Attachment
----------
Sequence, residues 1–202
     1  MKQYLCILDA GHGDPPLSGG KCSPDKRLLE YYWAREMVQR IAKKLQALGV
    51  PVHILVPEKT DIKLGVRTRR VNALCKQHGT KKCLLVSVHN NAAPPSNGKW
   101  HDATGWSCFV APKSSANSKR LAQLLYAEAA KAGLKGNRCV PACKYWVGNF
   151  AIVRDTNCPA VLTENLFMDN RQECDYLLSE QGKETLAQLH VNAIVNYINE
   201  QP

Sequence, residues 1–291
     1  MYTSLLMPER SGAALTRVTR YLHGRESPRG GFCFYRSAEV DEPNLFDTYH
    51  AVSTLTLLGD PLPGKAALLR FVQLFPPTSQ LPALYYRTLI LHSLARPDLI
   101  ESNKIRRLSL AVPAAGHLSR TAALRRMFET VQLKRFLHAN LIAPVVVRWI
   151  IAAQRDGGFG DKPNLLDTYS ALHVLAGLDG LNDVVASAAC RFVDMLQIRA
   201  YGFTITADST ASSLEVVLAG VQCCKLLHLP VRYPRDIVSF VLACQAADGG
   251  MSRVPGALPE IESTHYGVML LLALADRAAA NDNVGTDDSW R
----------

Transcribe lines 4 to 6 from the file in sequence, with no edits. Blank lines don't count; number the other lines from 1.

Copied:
   101  HDATGWSCFV APKSSANSKR LAQLLYAEAA KAGLKGNRCV PACKYWVGNF
   151  AIVRDTNCPA VLTENLFMDN RQECDYLLSE QGKETLAQLH VNAIVNYINE
   201  QP